The soundtrack to the film featured exclusively female African-American artists. The soundtrack included the number-one hit song "Exhale (Shoop Shoop)", sung by the film's star, Whitney Houston,[11] as well as "Not Gon' Cry" by Mary J. Blige, "Sittin' Up in My Room" by Brandy, and "Count on Me" by Whitney Houston and CeCe Winans, all of which reached the top ten of Billboard's Hot 100 chart.[12]


Interviewed in the spring of 2011 on an episode of The Talk, Angela Bassett confirmed that a sequel was in the planning stages, with all the female principals signed on to star, and Whitaker returning to direct. The film would supposedly be based on McMillan's 2010 follow-up novel, Getting to Happy; McMillan was adapting the book to screenplay.[13] As of July 2012, no news has come of the sequel, and after Houston's death in February 2012, it is unknown whether the role of Savannah Jackson will be recast.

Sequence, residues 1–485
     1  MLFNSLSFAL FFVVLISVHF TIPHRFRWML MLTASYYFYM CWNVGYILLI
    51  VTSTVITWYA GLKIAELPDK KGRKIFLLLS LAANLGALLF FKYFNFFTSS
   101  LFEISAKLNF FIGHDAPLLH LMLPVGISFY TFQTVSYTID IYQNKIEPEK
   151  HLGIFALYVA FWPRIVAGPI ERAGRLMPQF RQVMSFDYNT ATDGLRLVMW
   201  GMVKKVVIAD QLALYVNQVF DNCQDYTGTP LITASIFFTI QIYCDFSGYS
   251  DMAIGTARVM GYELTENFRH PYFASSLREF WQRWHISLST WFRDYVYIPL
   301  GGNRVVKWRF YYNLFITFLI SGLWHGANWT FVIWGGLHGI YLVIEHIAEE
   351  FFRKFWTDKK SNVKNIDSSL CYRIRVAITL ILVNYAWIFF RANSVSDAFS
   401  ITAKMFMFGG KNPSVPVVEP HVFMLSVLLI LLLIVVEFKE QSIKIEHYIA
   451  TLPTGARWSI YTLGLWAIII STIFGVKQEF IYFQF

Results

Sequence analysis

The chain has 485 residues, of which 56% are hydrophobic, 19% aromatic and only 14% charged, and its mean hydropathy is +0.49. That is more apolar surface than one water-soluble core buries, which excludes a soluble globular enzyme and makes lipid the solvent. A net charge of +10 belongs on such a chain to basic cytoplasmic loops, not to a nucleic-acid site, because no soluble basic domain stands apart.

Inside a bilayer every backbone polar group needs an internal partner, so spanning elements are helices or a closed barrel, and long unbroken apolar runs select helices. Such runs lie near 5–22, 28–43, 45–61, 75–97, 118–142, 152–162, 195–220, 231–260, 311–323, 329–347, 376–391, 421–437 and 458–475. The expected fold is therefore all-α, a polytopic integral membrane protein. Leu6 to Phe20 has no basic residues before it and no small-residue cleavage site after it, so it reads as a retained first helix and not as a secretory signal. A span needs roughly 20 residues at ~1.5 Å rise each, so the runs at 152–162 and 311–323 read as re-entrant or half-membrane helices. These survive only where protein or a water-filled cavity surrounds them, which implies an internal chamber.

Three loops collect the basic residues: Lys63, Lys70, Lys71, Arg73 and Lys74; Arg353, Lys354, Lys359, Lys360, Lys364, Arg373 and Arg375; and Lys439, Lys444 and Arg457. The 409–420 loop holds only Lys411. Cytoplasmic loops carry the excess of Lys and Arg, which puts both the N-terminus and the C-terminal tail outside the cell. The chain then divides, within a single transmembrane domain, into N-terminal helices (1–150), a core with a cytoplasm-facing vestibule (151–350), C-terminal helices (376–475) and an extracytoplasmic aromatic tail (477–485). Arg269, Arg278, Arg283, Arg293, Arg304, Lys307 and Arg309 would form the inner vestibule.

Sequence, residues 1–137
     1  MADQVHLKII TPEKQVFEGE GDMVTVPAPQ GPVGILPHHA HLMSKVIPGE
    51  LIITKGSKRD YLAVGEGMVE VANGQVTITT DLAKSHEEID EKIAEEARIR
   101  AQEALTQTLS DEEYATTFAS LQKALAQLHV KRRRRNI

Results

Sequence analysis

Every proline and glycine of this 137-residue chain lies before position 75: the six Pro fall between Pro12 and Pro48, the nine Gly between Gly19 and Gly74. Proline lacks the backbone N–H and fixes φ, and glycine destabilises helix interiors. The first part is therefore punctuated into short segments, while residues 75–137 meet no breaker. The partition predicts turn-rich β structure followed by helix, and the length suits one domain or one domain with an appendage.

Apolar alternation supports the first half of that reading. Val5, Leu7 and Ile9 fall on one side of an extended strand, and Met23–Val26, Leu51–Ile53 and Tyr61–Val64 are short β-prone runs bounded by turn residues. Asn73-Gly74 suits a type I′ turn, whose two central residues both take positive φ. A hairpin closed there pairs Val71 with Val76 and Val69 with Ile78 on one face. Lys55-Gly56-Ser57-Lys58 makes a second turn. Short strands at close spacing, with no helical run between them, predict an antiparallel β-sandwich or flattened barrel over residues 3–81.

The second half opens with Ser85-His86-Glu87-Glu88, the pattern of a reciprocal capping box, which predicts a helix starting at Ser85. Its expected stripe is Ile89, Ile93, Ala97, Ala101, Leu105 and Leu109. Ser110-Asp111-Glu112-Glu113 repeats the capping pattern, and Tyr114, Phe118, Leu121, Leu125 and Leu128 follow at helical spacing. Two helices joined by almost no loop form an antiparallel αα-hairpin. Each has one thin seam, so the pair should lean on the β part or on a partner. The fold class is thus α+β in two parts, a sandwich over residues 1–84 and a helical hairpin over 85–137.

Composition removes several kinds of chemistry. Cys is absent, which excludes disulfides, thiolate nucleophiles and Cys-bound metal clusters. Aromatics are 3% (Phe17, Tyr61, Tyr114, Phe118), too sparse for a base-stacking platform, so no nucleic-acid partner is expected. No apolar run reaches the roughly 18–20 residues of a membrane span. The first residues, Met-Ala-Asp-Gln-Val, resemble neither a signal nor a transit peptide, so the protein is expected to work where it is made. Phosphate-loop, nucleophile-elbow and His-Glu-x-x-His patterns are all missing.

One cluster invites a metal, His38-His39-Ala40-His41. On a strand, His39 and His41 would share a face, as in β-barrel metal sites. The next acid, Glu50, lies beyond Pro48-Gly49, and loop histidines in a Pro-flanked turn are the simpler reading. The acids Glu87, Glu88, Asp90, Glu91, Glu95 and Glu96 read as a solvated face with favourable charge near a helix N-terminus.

In a 2012 interview with, screenwriter Michael Elliot said he was writing the script for the sequel "I was hired with Terry McMillian's blessings, it's her baby. These are her characters and [in the sequel] I'm treating the women like they are iconic. It's a pretty big deal and I'm very excited. This is like selling my first script! We're shooting this thing next summer or something but with me, I've yet to actually write the script, I've just started it. It's really hard to say [when the film will be released]."



  1. ^ Dutka, Elaine. "The Money's Where the Action Is; Movies: Big budgets and special effects push the film industry to yet another record performance", Los Angeles Times. May 22, 2006. December 31, 1996.